If you are falling behind on making payments and are looking for protection from lurking creditors, chances are you’ve considered Chapter 7 bankruptcy. But you might also want to consider Chapter 13 bankruptcy.
Chapter 7 Bankruptcy
Chapter 7 bankruptcy essentially allows you to wipe your financial slate clean without the worry of making “past due” amounts. A trustee liquidates your salable assets, thus allowing you to pay off your credits. Once that’s done, lenders shouldn’t be calling you to collect.
Chapter 13 Bankruptcy
Chapter 13 bankruptcy allows you to reorganize your debt. You work with a bankruptcy attorney to set forth a plan to repay as much as your debt as possible during a 3-5 year period. You’ll be required by a bankruptcy court to provide detailed financial statements that support your proclaimed revenue and expenses. Once the plan is created you’ll have to make monthly payments to a trustee, who in turn pays off your creditors. Once you have completed the repayment plan, you are no longer responsible for any previous debts, even if through repayment, you were not required to pay the entire amount that was owed. Chapter 13 also stops increases on interest rates, such as the interest rate owed on a credit card.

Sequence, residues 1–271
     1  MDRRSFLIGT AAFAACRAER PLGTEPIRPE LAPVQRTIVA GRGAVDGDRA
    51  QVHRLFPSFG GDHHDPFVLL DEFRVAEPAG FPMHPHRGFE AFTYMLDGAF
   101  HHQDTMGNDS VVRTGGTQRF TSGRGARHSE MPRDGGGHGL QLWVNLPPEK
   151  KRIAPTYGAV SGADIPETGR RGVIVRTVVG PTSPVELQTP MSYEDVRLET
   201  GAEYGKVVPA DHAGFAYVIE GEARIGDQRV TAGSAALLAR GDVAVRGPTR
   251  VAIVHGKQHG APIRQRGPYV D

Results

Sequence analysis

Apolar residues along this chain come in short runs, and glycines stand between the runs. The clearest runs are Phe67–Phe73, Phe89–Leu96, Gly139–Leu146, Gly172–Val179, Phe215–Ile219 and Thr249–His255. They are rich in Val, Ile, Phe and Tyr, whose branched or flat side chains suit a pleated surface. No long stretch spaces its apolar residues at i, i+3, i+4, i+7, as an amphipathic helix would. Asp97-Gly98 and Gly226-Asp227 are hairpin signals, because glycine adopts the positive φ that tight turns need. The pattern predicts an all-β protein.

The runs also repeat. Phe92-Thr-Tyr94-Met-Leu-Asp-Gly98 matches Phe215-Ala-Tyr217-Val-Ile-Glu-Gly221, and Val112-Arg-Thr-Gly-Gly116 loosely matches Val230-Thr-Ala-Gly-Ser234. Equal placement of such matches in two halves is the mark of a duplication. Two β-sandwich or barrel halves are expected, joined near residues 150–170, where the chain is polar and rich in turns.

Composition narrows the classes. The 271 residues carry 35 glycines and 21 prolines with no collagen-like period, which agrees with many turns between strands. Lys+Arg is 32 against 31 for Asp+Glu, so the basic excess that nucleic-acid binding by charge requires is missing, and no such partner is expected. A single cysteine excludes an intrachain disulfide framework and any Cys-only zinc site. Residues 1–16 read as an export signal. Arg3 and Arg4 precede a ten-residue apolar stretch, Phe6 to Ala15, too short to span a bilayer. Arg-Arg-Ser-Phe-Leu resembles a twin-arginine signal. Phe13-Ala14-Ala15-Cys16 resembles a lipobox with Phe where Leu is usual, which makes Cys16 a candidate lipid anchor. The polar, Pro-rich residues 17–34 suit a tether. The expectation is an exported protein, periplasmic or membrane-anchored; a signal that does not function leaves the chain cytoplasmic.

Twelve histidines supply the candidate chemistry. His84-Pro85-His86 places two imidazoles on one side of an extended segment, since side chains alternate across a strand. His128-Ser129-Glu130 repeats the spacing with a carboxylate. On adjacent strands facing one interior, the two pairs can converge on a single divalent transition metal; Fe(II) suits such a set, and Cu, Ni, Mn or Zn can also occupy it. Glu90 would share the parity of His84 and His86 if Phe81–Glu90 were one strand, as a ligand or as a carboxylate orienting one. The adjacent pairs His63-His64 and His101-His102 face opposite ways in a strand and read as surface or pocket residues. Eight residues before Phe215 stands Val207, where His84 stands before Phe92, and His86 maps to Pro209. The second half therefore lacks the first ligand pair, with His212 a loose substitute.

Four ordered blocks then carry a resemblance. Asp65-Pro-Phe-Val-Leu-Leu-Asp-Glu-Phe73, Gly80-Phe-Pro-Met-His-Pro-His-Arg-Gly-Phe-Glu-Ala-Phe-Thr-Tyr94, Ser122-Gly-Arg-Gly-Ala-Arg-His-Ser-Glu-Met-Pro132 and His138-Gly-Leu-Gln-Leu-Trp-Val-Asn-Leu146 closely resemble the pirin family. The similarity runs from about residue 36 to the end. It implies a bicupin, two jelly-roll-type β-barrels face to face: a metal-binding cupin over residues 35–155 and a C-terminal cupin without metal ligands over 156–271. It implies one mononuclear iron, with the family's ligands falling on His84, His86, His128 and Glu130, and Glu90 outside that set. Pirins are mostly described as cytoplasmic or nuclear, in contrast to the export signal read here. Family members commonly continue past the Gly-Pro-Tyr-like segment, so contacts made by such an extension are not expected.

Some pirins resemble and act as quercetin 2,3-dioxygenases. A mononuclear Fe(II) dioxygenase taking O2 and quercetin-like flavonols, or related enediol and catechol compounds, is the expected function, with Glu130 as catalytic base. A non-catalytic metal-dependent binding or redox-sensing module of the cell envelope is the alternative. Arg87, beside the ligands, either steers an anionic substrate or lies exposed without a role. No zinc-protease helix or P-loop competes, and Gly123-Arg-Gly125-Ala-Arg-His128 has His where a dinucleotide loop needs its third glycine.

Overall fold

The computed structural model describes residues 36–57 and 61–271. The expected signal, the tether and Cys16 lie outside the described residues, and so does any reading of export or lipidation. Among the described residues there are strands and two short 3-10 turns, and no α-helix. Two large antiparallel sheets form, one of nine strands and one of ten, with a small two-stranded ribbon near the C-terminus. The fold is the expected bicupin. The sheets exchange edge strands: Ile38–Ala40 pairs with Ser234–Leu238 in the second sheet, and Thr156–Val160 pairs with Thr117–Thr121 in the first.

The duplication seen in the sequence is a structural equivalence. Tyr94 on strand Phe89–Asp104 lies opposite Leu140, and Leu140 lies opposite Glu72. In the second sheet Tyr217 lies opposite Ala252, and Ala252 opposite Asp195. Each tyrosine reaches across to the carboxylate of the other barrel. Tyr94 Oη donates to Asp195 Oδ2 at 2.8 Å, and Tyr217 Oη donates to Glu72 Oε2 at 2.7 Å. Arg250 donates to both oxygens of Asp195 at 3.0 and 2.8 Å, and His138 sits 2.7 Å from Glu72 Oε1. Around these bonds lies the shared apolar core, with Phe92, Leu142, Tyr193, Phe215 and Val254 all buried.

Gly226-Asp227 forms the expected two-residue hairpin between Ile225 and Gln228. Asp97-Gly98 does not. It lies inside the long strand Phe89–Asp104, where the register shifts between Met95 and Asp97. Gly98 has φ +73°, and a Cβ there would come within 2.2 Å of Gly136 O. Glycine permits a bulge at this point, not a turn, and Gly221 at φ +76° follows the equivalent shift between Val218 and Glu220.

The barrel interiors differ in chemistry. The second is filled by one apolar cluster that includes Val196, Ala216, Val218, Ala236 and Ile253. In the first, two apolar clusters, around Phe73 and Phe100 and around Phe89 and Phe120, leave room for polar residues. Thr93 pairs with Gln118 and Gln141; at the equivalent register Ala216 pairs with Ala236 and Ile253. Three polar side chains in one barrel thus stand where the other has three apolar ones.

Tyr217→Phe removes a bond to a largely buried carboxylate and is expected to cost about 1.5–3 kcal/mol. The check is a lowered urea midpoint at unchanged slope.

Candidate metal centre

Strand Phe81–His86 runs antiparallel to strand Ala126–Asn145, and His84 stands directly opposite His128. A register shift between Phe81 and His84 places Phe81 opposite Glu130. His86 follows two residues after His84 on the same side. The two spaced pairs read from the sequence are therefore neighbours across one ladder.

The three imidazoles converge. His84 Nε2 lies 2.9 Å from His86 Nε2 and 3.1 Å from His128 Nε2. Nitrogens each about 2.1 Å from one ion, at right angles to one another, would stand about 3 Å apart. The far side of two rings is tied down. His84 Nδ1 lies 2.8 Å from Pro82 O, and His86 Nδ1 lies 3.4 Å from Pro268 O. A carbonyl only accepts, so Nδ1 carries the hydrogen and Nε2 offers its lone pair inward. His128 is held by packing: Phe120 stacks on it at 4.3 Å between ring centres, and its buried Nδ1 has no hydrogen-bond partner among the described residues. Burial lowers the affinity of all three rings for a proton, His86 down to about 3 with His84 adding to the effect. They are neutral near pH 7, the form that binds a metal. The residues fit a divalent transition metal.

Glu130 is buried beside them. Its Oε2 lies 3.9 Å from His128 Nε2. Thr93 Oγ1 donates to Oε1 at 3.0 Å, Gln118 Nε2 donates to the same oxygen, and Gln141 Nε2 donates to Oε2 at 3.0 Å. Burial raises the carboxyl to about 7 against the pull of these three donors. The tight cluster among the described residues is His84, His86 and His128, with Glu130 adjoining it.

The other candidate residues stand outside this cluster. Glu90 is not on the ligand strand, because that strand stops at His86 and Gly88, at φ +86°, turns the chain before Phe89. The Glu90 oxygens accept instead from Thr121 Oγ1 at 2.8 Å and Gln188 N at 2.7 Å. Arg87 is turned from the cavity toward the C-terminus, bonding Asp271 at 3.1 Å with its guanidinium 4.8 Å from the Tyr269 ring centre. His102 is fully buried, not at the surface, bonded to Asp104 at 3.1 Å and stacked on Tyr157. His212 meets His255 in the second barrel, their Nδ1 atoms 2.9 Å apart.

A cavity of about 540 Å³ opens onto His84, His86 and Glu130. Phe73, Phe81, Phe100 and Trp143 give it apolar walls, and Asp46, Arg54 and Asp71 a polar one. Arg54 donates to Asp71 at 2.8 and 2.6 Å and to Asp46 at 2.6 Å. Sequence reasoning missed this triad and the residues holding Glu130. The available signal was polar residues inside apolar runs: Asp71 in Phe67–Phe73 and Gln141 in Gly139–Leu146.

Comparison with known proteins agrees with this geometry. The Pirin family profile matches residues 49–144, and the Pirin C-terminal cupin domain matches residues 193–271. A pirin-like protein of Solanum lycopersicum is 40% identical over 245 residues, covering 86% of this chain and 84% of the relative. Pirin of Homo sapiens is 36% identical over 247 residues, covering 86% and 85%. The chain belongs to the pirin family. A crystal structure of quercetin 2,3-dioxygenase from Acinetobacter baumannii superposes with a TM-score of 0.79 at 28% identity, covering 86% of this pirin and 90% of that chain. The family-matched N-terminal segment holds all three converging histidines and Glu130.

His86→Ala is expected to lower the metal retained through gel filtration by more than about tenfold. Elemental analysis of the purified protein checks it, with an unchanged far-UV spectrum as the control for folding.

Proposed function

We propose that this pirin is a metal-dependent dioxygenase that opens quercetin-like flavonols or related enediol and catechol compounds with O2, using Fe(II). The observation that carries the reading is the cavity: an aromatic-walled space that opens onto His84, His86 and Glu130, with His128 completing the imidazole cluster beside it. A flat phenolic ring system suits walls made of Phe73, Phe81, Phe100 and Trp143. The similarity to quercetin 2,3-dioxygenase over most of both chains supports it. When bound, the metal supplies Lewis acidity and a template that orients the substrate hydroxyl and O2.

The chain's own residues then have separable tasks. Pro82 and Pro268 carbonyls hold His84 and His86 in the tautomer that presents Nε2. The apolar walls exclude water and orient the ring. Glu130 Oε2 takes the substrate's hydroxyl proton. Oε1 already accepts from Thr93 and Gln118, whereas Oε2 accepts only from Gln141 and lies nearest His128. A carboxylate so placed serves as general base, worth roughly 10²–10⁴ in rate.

Deciding on Chapter 7 or Chapter 13
Choosing between Chapter 13 and Chapter 7 bankruptcy is an important decision to make. Weighing both options with a bankruptcy attorney will help you decide which way to file. Also, to help your attorney help you to make the best decision, it’s necessary you provide them with accurate information regarding your finances. It’s also important to remember that some debt is not able to be discharged under either type of bankruptcy. These debts include: student loans, alimony, and child support.